Engaging your Athens in a timely, yet timeless fashion


I recently had the blessing of being able to preach on a Sunday night at my home church, FBC Montgomery. My text for the evening was taken from Acts 17:16-34. Here Paul addresses the city of Athens from the Mars Hill (Areopagus). Although this text is set in the seemingly remote period of the 1st century AD, a central point of my sermon was that the Athens of Paul’s day is not all that different from the mission field that I will soon be entering in Boulder, Colorado. It’s also not so dissimilar from the setting of Ottawa, Canada, where I will be heading on June 28th for a 10-day missions project with a group from First Baptist. The mission field of ancient Athens even bears comparison with the one I find right here in Montgomery, Alabama. In Acts 17, Paul gives us some universal truths about how we must approach missions.

Now other than Jesus Himself, surely no other individual figure is probably as important to Christian history and doctrine than the Apostle Paul. His personal conversion, and subsequent tireless mission work casts a long shadow across the book of Acts. And what works for Paul, what proves effective in his ministry, is precisely the same principle that we can apply to whatever mission field we are trying to bring the Gospel into. Paul is a master missionary, because he learns how to adapt his message to fit the specific culture he’s speaking into, while at the same time ensuring it remains rooted in the unchanging truth of the Gospel. Paul’s message is always both timely, and timeless. 1 Corinthians 9:22 gives us some insight into the Pauline perspective when it comes to evangelism—“I have become all things to all men, that I might by all means save some.” But let us be careful not to misinterpret this famous verse. Modern American society often worships at the altar of a bland cultural relativism, which eschews any notions of absolute Truth, while championing the idea of everyone seeking out their own individual expression of “truth” which can fit into their esoteric mishmash of beliefs. In the name of “tolerance” then, we are often admonished to “respect” others’ beliefs. If this means not to persecute, discriminate against, or ridicule someone for their personal convictions, then I heartily agree, as would most Christians.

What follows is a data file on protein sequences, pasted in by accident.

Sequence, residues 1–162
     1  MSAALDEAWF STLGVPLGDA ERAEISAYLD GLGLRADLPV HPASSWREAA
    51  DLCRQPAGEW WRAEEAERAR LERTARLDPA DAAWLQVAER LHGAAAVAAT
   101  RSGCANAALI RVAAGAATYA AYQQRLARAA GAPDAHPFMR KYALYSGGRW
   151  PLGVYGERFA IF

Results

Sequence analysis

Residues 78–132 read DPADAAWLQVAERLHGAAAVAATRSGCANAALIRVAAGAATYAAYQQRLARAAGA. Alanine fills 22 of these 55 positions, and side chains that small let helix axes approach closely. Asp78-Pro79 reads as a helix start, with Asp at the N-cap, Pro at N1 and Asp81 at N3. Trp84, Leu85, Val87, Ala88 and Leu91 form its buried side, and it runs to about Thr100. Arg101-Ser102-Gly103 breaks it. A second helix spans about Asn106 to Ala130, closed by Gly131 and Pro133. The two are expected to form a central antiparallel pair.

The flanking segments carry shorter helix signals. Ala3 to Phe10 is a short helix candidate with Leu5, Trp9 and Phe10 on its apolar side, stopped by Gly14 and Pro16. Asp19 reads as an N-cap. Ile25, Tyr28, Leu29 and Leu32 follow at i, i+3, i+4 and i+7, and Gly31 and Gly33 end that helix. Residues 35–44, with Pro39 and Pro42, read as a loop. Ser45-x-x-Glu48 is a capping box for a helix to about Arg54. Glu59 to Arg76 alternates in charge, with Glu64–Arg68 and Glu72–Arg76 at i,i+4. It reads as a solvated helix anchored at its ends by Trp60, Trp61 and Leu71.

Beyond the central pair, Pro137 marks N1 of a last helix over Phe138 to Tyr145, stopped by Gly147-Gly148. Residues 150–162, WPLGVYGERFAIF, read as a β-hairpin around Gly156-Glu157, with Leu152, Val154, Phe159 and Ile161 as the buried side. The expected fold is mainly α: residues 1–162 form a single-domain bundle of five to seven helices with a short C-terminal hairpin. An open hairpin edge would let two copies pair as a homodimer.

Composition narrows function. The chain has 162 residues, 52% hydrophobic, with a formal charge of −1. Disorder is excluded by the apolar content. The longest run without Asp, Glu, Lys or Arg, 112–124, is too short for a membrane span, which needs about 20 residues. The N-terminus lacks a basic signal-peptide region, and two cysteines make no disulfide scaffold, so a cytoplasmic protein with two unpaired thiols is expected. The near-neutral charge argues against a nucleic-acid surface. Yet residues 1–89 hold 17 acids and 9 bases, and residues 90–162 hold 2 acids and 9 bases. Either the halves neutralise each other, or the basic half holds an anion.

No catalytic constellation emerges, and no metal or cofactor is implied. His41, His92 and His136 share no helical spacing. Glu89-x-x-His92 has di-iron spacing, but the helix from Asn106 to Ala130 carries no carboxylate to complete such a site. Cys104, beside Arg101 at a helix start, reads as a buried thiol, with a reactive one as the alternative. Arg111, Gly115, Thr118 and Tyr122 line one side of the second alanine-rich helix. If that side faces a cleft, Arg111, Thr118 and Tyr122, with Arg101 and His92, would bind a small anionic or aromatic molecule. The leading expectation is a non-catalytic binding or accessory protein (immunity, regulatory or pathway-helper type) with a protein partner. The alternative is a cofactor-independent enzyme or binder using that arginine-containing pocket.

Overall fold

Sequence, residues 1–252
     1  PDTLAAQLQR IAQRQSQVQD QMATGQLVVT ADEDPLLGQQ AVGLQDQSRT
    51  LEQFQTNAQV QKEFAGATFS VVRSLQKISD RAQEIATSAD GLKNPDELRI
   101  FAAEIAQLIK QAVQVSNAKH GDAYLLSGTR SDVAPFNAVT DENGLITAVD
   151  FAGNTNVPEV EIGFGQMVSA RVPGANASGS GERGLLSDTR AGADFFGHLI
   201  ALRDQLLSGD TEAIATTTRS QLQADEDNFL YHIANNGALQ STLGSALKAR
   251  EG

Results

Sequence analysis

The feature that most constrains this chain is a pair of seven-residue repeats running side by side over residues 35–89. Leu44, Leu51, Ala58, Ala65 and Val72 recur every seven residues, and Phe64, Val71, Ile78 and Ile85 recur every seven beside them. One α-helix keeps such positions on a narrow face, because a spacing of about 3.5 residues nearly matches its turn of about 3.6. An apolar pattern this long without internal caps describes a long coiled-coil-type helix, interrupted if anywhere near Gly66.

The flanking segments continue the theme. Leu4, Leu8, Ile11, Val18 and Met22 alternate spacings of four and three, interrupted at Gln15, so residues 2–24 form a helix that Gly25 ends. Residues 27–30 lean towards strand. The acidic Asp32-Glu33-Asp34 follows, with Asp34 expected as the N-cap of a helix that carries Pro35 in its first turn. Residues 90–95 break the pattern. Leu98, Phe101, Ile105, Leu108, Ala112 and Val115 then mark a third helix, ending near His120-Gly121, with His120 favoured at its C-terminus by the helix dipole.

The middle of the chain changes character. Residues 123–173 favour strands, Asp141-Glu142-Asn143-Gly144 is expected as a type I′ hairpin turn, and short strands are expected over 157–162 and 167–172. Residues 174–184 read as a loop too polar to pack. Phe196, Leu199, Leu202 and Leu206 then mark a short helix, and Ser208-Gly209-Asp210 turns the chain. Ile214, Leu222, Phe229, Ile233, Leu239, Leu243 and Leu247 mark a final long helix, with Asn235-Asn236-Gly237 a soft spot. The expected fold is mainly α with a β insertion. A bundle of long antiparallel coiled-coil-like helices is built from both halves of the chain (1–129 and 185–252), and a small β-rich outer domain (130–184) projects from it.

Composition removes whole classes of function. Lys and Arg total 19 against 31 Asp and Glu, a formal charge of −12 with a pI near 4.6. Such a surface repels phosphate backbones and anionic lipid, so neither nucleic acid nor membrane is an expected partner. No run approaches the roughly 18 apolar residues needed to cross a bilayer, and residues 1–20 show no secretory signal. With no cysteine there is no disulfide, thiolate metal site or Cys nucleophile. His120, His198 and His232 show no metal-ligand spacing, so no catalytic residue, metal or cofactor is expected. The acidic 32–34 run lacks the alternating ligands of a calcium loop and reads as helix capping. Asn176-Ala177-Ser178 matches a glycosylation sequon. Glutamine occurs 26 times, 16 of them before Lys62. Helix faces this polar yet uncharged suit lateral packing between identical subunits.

But to respect another’s beliefs does not mean that we have no desire to speak truth into their lives. This is what Paul does consistently, at Athens and elsewhere. He knows Christ to be the great universal Truth, and yet by taking advantage of his cosmopolitan background, this Roman citizen, also steeped in Jewish tradition, and writing in Greek, is able to connect with a variety of different cultures, while proclaiming the same consistent and unchanging truth. His end goal is always that which is expressed so eloquently in Ephesians 4:13-14: “Till we all come to the unity of the faith and of the knowledge of the Son of God, to a perfect man, to the measure of the stature of the fullness of Christ; that we should no longer be children, tossed to and fro and carried about with every wind of doctrine, by the trickery of men, in the cunning craftiness of deceitful plotting.”